As we age, we become more vulnerable. That’s because our ability to make vitamin D in the skin reduces with age. People over 60 require three to four times more sun exposure than people under 20.
To block, or not to block
So the advice that we should avoid the sun at all costs clearly leaves us with a big vitamin D-shaped dilemma. And it is sound advice, up to a point.
Sunlight has two ultraviolet rays: UVA and UVB. UVB is the one needed to make vitamin D, but it can also cause your skin to burn. UVA is more damaging, as it can penetrate the outer skin and reach the cells that can become cancerous.
Sunscreen blocks the rays that are needed to make vitamin D in the skin. Even factor 15 sunscreen blocks approximately 99% of vitamin D production in the skin.
The American Academy of Dermatology recommends that vitamin D should be obtained exclusively from diet and supplements, rather than sun exposure, because of the risk of developing skin cancer.
However, not everyone agrees with that advice. Here in the UK, Public Health England has changed its policy and now recommends that everyone should have a short daily burst of sun exposure, without the use of sunscreen.
What’s the right sort of daily burst? Good question. Fortunately, researchers in Spain have endeavoured to answer it. They estimated that the duration of daily sun exposure required to obtain the recommended dose of vitamin D (around 1,000iu/day) is 10 to 20 minutes in spring and summer. That’s in Valencia, Spain. Unfortunately figures for other countries are not available, but you get the drift.
What you and tomatoes have in common
Here’s something else you can do, to maximise your protection during those short, sensible bursts. Make like a tomato.
If you have ever lain in bed, staring at the ceiling and wondering how it is that all plant life on Earth does not burn to a crisp, shortly after sunrise, here is your answer: carotenoids.
Carotenoids are plant antioxidants that protect plants from damage from UV light. They are able to absorb the harmful chemicals produced during photosynthesis, the process whereby plants make energy from sunlight.
When we eat foods that contain carotenoids, they kindly pass on this built-in protection mechanism. It is a beautiful example of the circular nature of life, of which we are an integral part.
Carotenoids take the form of an orange/red pigment, so foods that contain them are easily identifiable: sweet potato, carrots, bell peppers, tomatoes, pumpkin, squash, cantaloupe melon, mango and apricots are good examples. Less identifiable are the carotenoid-rich, dark leafy greens whose green pigment camouflages the orange. These include kale, spinach, cabbage and broccoli.
There are many different types of carotenoid, the best known being beta carotene (carrots), lycopene (tomatoes), alpha carotene (pumpkin and carrots), lutein, and zeaxanthin (kale and spinach).
Consuming carotenoid-rich food significantly lowers your risk of sun damage and skin cancer. A diet rich in lycopene in particular has been found to significantly lower the risk of burns to the skin.
Both animal and human studies have consistently shown that eating carotenoid-rich foods protects against damage from ultraviolet irradiation from the sun.
No one is suggesting that you strip off and toil semi-naked under a high sun all day, pausing only to eat carrots and drink tomato juice. We are all adults here, and know that it would be foolhardy to exposure ourselves, without sunscreen, for prolonged periods. But unless medically advised otherwise, brief, daily exposure is a great way to ensure adequate vitamin D synthesis.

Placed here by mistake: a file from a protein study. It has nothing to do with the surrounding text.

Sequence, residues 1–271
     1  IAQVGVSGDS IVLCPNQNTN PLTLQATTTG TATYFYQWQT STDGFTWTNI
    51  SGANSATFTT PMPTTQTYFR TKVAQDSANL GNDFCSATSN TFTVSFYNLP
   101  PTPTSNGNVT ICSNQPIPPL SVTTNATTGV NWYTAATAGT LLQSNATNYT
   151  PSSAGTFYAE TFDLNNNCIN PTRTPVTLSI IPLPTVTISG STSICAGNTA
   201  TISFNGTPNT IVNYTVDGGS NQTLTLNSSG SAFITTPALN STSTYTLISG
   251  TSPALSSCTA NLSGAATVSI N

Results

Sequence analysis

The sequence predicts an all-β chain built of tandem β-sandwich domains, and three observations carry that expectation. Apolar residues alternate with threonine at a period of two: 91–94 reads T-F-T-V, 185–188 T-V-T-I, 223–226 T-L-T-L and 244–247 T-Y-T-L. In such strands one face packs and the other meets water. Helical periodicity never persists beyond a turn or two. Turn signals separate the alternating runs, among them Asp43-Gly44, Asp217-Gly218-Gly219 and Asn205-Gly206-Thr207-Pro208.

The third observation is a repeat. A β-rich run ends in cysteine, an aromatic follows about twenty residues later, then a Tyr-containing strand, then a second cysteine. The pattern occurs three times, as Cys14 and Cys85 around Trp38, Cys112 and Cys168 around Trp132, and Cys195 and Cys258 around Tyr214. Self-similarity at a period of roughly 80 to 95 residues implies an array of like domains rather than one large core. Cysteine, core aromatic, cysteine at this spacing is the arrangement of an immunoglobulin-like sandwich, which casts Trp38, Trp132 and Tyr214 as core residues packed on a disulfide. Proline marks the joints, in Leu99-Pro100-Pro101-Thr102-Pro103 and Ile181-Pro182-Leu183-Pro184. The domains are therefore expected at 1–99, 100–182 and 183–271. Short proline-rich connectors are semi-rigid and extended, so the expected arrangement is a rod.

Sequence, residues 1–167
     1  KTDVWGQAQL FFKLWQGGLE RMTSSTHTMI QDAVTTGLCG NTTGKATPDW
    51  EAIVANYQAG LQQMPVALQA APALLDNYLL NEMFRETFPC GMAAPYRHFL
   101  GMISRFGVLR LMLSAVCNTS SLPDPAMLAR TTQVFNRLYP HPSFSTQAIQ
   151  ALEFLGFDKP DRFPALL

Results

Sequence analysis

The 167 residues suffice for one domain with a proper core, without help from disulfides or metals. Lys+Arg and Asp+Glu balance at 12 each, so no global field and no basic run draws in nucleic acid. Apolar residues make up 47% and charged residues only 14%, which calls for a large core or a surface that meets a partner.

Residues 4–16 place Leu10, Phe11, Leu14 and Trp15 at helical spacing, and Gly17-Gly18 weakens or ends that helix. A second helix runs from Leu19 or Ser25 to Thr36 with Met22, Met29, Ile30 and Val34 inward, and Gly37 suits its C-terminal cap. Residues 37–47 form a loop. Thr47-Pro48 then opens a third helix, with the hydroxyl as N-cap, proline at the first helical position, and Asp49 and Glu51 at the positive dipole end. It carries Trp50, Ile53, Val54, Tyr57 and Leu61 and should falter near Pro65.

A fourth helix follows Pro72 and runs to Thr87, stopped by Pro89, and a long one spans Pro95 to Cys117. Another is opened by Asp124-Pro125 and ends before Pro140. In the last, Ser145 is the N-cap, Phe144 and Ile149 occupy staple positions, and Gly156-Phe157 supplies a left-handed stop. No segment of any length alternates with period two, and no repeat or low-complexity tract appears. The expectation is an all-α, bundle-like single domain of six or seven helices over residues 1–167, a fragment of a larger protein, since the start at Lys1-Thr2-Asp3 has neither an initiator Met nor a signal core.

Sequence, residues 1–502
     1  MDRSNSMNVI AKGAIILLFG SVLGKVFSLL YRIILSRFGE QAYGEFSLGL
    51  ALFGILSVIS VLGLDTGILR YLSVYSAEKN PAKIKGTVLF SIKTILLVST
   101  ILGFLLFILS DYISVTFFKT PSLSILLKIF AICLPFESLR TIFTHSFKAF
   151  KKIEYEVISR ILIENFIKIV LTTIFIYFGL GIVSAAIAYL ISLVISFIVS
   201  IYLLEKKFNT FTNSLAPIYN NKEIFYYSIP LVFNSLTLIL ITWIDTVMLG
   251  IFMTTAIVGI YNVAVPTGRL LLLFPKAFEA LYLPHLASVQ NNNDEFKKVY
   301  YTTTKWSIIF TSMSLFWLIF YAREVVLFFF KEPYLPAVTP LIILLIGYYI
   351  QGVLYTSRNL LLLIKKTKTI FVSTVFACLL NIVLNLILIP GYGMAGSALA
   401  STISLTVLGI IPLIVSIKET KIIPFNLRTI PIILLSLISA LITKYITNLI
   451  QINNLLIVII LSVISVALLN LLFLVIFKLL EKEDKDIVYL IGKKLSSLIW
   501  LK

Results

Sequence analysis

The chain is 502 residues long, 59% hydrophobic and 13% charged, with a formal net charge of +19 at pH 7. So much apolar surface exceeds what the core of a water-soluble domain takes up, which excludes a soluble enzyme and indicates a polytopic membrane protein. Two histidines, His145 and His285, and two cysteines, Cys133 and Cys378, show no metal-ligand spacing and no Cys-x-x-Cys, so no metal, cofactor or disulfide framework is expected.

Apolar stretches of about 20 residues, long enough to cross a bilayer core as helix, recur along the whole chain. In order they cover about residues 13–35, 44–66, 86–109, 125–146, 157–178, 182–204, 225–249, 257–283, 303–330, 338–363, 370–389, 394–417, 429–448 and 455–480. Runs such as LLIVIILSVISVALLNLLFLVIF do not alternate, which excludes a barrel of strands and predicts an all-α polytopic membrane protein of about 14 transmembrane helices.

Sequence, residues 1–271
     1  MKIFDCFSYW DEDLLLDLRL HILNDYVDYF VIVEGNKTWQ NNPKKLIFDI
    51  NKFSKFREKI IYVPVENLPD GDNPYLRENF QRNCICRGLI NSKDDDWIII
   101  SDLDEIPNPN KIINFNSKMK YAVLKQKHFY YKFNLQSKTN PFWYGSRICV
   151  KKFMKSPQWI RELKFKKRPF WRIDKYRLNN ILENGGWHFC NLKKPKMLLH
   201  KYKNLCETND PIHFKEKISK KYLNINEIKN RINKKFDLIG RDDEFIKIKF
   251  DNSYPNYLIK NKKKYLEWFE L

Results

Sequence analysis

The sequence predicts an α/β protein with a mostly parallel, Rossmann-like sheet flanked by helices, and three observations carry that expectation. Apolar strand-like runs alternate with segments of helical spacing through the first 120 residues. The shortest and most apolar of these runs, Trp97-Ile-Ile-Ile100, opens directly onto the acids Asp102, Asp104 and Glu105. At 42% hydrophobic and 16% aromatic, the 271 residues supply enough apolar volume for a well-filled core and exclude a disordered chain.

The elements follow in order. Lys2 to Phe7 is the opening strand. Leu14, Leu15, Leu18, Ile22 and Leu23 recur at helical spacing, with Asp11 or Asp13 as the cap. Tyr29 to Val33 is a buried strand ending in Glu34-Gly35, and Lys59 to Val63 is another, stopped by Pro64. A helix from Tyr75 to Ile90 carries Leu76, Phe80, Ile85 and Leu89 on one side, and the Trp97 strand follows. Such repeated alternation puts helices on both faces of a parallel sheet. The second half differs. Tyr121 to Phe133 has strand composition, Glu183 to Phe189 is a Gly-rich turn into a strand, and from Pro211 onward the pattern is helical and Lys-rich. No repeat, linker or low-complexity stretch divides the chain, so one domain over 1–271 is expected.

And although carotenoid-rich foods provide an extra layer of protection, the odd tomato or carrot is not going to cut it. The carotenoids that you eat from fruit and vegetables are distributed around the body, with higher concentrations found in the skin and the eye. They perform many functions, and you need a regular supply, all year round.
And when the sun don’t shine?
That still leaves the autumn and winter to think about.
Whatever your level of exposure to sunlight, or how much oily fish you eat, unless you are living on the equator you almost certainly need to take supplements during the dark cold months.
Vitamin D supplementation is available in two forms: ergocalciferol (D2) and cholecalciferol (D3). It was once thought that both forms were used by the body, but we know now that D2 is considered inert, and of no value. Vitamin D3 is the form the body can use, and which is made in the skin on exposure to UVB. It is converted to 25-OHD, also known as calcidiol. This is the form of vitamin D that circulates in the blood.
Always choose D3 supplements, and read those labels carefully. You’ll still find D2 used in some supplements, because it’s cheap and convenient (for manufacturers).
Vitamin D supplements are emerging as a potentially effective way to help combat depression.
“Effective detection and treatment of inadequate vitamin D levels in persons with depression and other mental disorders may be an easy and cost-effective therapy which could improve patients’ long-term health outcomes as well as their quality of life.”
We need vitamin D, but the fact is that vitamin D deficiency is highly prevalent — deficiency is now described as a world-wide pandemic.
Just as we humans evolved in the sun, so did plants. We are also designed to eat those plant foods that can help protect from the excesses of the sun’s effects. The problem is that people are just not eating enough of these foods any more.
Only one in ten Americans meet the national recommendations for fruit and vegetable consumption.
So get eating your carotenoids now. And here’s an extra tip. Carotenoids are fat-soluble, so put some butter on those carrots. Importantly, bear in mind that these carotenoids are much more readily absorbed from cooked food, not raw. Cooking breaks down the cellulose in plant foods, making the carotenoids and other nutrients available.
If you’re wondering what to have for dinner tonight, may I suggest some grilled peppers and tomatoes, with a side of steamed spinach, to go with a fillet of wild salmon.
And keep frolicking al fresco — it’s perfectly human. You need to make vitamin D while the sun shines, but always expose yourself responsibly.